The Fox and the Grapes - How Motor Constraints Affect Value Based Decision Making
Abstract: One fundamental question in decision making research is how humans compute the values that guide their decisions. Recent studies showed that people assign higher value to goods that are closer to them, even when physical proximity is irrelevant for the decision. Puzzling from a normative perspective on decision making, this phenomenon seems reasonable from an evolutionary perspective. Most foraging decisions of animals involve the tradeoff between the value that can be obtained and the associated effort. Processes underlying the computation of value and effort could therefore be closely intertwined to an extent that anticipated effort for physically obtaining a good is automatically integrated in the value-computation process. To test this, we let participants state their valuation for snack food while the effort that would be incurred when reaching for it was manipulated. Even though reaching was not required during the experiment, we find that willingness to pay was significantly lower when subjects wore heavy wristbands on their arms. Thus, items that were more difficult to grasp were perceived as less valuable. Importantly, this was only the case when items were physically in front of the participants but not when the items were presented as text on a computer screen. Our results suggest automatic interactions of motor and valuation processes which are unexplored to this date and can account for irrational decisions that occur when reward is particularly easy to reach.
Be Nice if You Have to - The Neurobiological Roots of Strategic Fairness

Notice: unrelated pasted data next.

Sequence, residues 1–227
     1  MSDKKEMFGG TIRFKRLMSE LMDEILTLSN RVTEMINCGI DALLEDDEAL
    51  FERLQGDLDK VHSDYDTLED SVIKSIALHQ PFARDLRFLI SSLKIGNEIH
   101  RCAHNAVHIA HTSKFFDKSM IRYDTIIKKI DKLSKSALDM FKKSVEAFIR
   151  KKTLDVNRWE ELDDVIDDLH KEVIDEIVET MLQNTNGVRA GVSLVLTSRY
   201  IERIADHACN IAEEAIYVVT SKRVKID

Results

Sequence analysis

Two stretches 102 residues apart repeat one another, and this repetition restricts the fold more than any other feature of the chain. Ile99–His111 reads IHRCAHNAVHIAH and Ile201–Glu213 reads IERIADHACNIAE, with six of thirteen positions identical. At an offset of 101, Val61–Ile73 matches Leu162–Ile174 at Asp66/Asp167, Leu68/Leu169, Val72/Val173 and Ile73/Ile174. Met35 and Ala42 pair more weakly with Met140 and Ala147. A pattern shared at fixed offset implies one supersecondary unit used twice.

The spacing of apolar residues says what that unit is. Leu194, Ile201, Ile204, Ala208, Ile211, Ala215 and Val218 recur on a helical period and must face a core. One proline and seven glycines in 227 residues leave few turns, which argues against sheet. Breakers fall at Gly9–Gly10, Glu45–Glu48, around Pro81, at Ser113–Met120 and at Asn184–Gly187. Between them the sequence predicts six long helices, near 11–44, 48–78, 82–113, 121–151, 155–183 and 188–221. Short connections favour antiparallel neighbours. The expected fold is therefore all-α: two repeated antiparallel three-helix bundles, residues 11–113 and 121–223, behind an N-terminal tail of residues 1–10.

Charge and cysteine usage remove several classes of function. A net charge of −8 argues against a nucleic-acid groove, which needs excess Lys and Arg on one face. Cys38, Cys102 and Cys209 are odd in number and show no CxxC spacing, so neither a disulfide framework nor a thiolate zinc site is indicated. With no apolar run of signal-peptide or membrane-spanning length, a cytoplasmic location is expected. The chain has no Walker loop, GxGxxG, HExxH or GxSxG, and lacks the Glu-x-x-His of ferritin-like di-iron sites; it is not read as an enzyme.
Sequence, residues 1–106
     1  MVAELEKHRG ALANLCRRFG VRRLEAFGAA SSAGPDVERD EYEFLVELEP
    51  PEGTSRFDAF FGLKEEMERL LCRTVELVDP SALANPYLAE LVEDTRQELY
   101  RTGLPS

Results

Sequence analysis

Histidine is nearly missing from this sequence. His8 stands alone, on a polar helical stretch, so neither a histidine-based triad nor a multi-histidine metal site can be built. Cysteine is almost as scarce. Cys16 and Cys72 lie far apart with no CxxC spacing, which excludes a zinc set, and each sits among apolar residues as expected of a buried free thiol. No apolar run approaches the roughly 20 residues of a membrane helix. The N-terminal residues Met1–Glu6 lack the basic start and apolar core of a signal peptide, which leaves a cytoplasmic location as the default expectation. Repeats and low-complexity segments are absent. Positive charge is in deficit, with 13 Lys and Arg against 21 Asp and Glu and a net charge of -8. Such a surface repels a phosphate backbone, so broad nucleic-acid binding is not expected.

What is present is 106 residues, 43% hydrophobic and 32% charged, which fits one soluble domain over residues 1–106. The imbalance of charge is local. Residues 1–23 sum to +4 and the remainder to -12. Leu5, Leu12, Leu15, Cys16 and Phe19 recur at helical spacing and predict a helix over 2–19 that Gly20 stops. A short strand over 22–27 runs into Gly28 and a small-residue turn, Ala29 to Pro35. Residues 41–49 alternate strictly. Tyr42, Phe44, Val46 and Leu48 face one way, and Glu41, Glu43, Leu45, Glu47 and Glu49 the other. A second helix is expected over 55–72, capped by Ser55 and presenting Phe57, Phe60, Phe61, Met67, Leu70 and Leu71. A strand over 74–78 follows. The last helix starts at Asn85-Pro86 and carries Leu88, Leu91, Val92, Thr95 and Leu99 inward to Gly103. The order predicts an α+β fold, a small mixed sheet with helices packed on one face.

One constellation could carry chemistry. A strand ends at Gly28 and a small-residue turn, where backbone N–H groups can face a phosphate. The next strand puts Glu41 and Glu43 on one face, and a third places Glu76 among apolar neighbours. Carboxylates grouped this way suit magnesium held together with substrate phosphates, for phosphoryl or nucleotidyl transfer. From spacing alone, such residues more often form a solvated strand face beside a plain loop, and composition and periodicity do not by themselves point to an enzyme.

Abstract: Social norms such as treating others fairly regardless of kin relations are essential for the functioning of human societies. Their existence may explain why humans, among all species, show unique patterns of pro-social behaviour. The maintenance of social norms often depends on external enforcement, as in the absence of credible sanctioning mechanisms pro-social behaviour deteriorates quickly. This sanction-dependent pro-social behaviour suggests that humans strategically adapt and act selfishly if possible but control selfish impulses if necessary. Recent studies point at the role of the dorsolateral prefrontal cortex (DLPFC) in controlling selfish impulses. Here we test, whether the DLPFC is involved in the control of selfish impulses as well as the strategic acquisition of this control mechanism. Using repetitive transcranial magnetic stimulation, we provide evidence for the causal role of the right DLPFC in strategic fairness. Since the DLPFC is phylogenetically one of the latest developed neocortical regions, this could explain why complex norm systems exist in humans but not in other social animals.
Value Signals Predict Preferences Across Categories
Abstract: Humans can choose between fundamentally different options such as watching a movie or going out for dinner. According to the utility concept, put forward by utilitarian philosophers and widely used in economics, this may be accomplished by mapping the value of different options onto a common scale, independent of specific option characteristics. If this is the case, value-related activity patterns in the brain should allow predictions of individual preferences across fundamentally different reward categories. We analyze fMRI data of the prefrontal cortex while subjects imagine the pleasure they would derive from items belonging to two distinct reward categories: engaging activities (like going out for drinks, daydreaming or doing sports) and snack foods. Support vector machines trained on brain patterns related to one category reliably predict individual preferences of the other category and vice versa. Further, we predict preferences across participants. These findings demonstrate that prefrontal cortex value signals follow a common scale representation of value that is even comparable across individuals and could in principle be used to predict choice.
published 2014 in The Journal of Neuroscience, volume 34, issue 22, pp. 7580-7586.